Despite attempts to bring expenses down amid the coronavirus outbreak, All Nippon Airways’ parent company ANA Holdings swung to a massive loss in the first quarter.
For the three months ended 30 June, ANA Holdings reported an operating loss of Y159 billion ($1.51 billion). This was in contrast to the Y16.1 billion profit it posted for the same quarter last year.
Revenue for the period collapsed, as travel demand for both international and domestic flights “declined significantly” amid travel restrictions imposed globally and within Japan, says ANA Holdings.
Consequently, the group saw revenue tumble 76% year on year, to Y122 billion.
Meanwhile, expenses for the quarter saw a 42% year-on-year drop, to Y280 billion.
ANA Holdings adds that it “raised [its] efforts to minimise both variable and fixed expenses” for the period, but it was not enough to offset the “unprecedented impact” of the pandemic.
The group reported a net loss of Y109 billion, reversing the Y11.4 billion net profit it posted during the same quarter in 2019.
ANA saw the largest fall in revenue in its international passenger service. For the quarter, revenue for its international network tumbled 94% to Y9.5 billion. The Star Alliance carrier flew just 91,000 passengers for the period, a 96% decline compared to the same period in 2019.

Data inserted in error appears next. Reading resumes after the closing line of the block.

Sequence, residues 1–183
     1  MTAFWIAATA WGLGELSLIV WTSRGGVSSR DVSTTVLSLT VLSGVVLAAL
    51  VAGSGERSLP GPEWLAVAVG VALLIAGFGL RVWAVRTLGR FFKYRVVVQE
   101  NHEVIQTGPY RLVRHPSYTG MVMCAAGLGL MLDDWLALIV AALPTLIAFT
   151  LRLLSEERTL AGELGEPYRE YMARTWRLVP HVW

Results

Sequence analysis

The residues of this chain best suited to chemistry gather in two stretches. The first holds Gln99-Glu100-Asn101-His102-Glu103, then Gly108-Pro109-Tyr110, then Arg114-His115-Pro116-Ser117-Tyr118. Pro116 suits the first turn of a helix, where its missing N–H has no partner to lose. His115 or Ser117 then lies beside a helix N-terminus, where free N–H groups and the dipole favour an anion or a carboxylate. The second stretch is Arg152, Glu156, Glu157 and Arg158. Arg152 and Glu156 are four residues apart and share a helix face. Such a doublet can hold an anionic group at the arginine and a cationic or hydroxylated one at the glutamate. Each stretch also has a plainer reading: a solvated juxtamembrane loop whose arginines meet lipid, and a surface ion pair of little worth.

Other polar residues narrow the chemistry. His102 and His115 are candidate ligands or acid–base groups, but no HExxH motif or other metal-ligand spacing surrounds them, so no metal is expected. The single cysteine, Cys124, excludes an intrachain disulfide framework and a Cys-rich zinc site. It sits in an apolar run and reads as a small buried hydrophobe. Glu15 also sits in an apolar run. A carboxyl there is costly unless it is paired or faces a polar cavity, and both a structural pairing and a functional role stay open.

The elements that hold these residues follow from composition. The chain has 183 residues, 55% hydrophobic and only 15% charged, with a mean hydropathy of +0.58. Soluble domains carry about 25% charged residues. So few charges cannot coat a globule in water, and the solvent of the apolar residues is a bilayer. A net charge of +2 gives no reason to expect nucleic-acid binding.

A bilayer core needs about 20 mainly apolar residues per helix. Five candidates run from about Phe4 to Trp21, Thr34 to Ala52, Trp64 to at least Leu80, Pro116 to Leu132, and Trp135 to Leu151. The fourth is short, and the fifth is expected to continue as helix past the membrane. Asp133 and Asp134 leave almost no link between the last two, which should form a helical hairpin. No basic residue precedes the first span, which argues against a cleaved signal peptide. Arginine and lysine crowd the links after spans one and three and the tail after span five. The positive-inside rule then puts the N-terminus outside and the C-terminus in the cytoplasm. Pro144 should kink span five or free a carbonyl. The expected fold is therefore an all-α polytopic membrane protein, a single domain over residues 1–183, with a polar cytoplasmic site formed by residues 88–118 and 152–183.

ASKs shrank 86.2%, while RPKs dropped 95.2%. Passenger load factor for the period was 26.2%, a 49.2 percentage point drop year on year.
Comparatively, revenue for ANA’s domestic network came in at Y22.4 billion, an 86.5% year-on-year decline. It carried 1.28 million passengers, an 88% decline year on year, due mainly to the state of emergency declared by the Japanese government in April that restricted domestic travel.
ASKs fell 73.3%, while RPKs declined 88.1%, leading to a passenger load factor of 29.9%, 37.2 percentage points lower than the same period last year.
The group’s low-cost carrier segment, comprising Peach Aviation, did not fare any better — revenue for the quarter collapsed nearly 92% year on year to Y1.7 billion.
In its outlook, ANA says it will double down on transformation efforts, to bring down costs.
“In the mid-term, ANA will pursue sustainable growth by creating a business structure, where we will be equipped to further strengthen the portfolio of our aviation business and establish a new business unit capable of serving as a source of profit while steadily delivering value to the group,” it adds.